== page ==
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Government wins 1% benefits cap vote

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Published by Jon Land for 24dash.com in Central Government and also in Communities, Finance

Government wins 1% benefits cap vote Government wins 1% benefits cap vote

The Government last night won a Parliamentary vote to cap annual working-age benefits increases at 1%.

A Labour motion to block the plans, which will be in effect for the next three years, was defeated by 328 votes to 262.

Benefits have traditionally risen at the rate of inflation (currently at 2.2%) but the Government has argued that they should be in line with public sector pay, which is currently also frozen at 1%.

Labour, various charities and other bodies have argued that millions of poorer working families will be worse off as a result of the cap.

The Residential Landlords Association has warned that the change will lead to an increase in homelessness.

The vote followed five hours of passionate debate in the Commons.

Lib Dem MPs David Ward, Sarah Teather, Julian Huppert and John Leech all chose to vote against the Coalition’s proposal.

During the debate, Labour's David Miliband described the proposal as "rancid".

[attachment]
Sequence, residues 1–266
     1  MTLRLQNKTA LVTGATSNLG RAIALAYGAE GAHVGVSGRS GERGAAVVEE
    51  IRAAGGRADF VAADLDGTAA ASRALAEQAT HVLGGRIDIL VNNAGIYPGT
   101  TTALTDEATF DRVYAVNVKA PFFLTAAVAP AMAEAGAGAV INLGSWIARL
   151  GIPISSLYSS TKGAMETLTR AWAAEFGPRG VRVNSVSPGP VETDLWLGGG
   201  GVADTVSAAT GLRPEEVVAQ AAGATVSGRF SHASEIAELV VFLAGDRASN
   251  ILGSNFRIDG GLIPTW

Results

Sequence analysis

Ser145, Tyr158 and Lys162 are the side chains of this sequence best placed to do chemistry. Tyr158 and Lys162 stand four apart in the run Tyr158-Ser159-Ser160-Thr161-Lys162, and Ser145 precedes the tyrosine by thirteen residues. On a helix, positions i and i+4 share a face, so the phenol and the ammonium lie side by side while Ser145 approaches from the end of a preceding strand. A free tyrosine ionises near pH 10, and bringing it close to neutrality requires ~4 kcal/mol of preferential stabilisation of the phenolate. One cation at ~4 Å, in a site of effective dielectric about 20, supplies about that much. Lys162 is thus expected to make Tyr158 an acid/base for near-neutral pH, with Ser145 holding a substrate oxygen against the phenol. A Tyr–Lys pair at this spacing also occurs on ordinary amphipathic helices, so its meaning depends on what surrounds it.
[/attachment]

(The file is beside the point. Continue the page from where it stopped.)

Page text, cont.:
However, one of the bill's chief architects, the works and pensions secretary, Iain Duncan Smith, said that Labour had "spent taxpayers' money like drunks on a Friday night" whilst in power.

CIH chief executive Grainia Long said: “We have serious concerns about limiting benefit uprating to one per cent per annum. Inflation on household essentials has been high throughout the recession, further eroding the living standards of those on the lowest incomes – including those in work, the ‘strivers’ government says it wants to support.

"Capping benefit rises at one per cent will hit families who are already struggling to pay for basics like housing, food and fuel, and who are turning to food banks in increasing numbers.

“The Government needs to act now to address these concerns. Last week’s news that 1.4 million people are struggling to keep up with their rent or mortgage underlines the importance of a simple, robust welfare safety net that helps people with housing costs when they face financial pressure.

"The cuts that have been implemented and the complexity introduced in the last 18 months create added problems for households struggling to cope.”

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